The Controversial 7-1 Bench: South Africa’s Risky Rugby Strategy

French rugby circles also express concerns about the 7-1 bench, considering it a step too far for the good of the game.

The Controversial 7-1 Bench: South Africa's Risky Rugby Strategy - The Times Post
The Controversial 7-1 Bench: South Africa's Risky Rugby Strategy.

The concept of a 7-1 bench in rugby may seem like a technical detail, but it has sparked intense debate within the rugby world.

In a traditional 23-man game, each team has 15 starters and eight replacements, with a split of five forwards and three backs.

However, the South African management team of Rassie Erasmus and Jacques Nienaber have taken a radical approach by having seven forwards and just one back on the bench.

[ WADA Confirms That Springboks And Proteas Will Fly South African Flag ]

This strategy, known as the “Shock Boks,” involves introducing all seven forwards at the same time around the 50-minute mark.

The intention is to maintain a high level of intensity throughout the match and catch the opposition off guard with a fresh pack of forwards. Former Springbok fly-half Joel Stransky describes it as “really smart,” but acknowledges the risks involved.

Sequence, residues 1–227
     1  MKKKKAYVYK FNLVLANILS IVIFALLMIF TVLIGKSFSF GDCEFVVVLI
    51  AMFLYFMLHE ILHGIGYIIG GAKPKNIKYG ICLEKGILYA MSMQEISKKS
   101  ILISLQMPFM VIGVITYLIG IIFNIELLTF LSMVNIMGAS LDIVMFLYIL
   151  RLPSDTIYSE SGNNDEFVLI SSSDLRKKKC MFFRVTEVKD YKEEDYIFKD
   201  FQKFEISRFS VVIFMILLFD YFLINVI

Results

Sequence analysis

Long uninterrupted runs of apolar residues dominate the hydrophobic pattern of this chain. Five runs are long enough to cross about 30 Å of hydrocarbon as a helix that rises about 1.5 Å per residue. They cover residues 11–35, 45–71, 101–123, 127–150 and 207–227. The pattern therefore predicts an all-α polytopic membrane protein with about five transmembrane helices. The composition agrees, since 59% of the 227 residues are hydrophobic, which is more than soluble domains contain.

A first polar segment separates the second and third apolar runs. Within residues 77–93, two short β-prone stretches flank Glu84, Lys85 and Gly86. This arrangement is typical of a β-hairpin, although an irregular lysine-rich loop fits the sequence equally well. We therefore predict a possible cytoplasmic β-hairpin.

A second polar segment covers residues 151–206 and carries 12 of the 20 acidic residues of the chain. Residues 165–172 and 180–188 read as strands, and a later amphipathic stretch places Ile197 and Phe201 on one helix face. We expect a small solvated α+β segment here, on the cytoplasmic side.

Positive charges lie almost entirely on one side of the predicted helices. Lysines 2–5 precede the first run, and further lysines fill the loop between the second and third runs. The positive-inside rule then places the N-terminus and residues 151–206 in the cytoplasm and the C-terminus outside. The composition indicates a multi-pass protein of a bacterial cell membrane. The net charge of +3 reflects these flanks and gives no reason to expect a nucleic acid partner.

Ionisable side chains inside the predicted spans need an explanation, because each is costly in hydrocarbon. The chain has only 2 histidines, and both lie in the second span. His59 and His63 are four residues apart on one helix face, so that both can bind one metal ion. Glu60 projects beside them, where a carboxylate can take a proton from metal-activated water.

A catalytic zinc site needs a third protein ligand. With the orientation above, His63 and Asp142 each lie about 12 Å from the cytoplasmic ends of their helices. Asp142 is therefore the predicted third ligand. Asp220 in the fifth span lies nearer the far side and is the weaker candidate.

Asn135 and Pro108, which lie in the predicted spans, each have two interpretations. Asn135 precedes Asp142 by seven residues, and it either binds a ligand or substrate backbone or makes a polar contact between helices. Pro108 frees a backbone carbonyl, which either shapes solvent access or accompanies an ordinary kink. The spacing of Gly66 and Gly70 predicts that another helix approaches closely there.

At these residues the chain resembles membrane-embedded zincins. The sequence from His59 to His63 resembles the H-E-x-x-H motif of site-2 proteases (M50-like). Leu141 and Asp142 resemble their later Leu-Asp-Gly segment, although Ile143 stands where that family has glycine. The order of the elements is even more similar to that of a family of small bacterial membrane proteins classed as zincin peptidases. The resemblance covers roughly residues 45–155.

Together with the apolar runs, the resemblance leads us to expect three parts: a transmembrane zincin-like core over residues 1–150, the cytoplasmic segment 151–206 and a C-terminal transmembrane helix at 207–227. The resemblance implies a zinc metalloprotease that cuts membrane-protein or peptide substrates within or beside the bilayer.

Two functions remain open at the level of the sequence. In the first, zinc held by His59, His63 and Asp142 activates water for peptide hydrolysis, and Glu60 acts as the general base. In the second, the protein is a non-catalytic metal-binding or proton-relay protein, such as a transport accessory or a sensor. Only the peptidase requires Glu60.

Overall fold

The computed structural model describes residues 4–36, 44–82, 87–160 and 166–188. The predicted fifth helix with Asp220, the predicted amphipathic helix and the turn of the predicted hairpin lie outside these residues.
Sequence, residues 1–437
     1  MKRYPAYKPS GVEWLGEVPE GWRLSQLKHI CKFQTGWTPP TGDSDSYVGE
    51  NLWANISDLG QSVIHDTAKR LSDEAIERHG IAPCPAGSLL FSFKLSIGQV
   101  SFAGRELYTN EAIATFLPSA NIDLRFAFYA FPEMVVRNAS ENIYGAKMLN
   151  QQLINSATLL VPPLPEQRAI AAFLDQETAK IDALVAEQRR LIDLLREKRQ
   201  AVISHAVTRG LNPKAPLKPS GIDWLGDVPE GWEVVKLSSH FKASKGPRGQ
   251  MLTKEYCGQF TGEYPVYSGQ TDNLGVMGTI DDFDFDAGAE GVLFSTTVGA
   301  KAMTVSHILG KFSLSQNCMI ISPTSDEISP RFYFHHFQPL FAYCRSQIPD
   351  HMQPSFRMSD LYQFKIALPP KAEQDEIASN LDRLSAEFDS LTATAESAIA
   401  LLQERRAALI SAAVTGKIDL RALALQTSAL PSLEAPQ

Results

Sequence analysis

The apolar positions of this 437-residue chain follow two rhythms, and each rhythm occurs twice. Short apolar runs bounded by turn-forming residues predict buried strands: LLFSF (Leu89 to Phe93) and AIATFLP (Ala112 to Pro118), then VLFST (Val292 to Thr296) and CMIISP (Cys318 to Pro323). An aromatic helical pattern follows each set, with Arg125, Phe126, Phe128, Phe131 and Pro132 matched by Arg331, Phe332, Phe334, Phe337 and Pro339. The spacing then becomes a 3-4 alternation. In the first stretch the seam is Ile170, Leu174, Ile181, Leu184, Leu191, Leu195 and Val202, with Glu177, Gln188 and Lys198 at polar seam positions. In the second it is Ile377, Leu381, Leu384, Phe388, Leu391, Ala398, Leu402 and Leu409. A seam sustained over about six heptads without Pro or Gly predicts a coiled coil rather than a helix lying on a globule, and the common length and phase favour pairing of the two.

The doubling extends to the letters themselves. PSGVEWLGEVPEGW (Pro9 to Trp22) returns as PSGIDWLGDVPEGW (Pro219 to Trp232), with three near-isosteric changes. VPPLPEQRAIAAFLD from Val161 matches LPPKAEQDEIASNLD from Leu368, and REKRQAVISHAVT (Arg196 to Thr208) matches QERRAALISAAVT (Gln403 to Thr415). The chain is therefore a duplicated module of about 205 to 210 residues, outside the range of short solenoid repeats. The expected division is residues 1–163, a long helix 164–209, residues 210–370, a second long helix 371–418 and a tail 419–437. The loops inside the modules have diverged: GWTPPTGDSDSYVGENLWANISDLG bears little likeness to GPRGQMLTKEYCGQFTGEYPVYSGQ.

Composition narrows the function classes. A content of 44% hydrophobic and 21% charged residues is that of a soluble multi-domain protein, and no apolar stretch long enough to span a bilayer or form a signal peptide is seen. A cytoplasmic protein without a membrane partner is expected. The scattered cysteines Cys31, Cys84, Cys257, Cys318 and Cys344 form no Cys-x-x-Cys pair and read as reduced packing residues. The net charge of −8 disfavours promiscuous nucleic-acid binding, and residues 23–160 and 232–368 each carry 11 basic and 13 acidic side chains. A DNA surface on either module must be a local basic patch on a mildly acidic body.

The 7-1 split can only be effective if the team has a forward with the skill set of a back, someone like Kwagga Smith who has played Sevens rugby. This ensures that the team is not handicapped if a back gets injured early in the game.

However, critics like former Scotland coach Matt Williams argue that this strategy could have negative consequences at lower levels of club rugby, where tired props and locks may be at risk of injury when faced with fresh opposition forwards.

French rugby circles also express concerns about the 7-1 bench, considering it a step too far for the good of the game.

Didier Retiere, who was forwards coach during France’s run to the 2011 final, acknowledges the Springboks’ game profile based on combat and the explosiveness of their forwards but questions the potential impact on the overall integrity of the sport.

While the 7-1 split has its advantages, it is not foolproof. In their match against Ireland, the Springboks dominated the pack but lacked the fresh pace out wide to capitalize on the gaps created.

Missed kicks further hindered their performance, resulting in a 13-8 loss. This fallibility off the tee may lead the Boks to opt for a safer 6-2 split against the French.

The selection of fly-half is also a factor in determining the bench composition. Manie Libbok’s open game is exceptional, but his kicking abilities do not match those of Handre Pollard, the 2019 World Cup winner.

Erasmus and Nienaber may choose to include both players in the 23, with Cobus Reinach as the scrum-half/utility choice.

Ultimately, the decision to employ the 7-1 split will depend on the management’s willingness to take risks.

Former France lock Abdelatif Benazzi, who faced the Springboks in the 1995 semi-final, advises a proactive approach to counter this challenge. He emphasizes the importance of winning the ball back, maintaining intensity, and playing their own game.


Please enter your comment!
Please enter your name here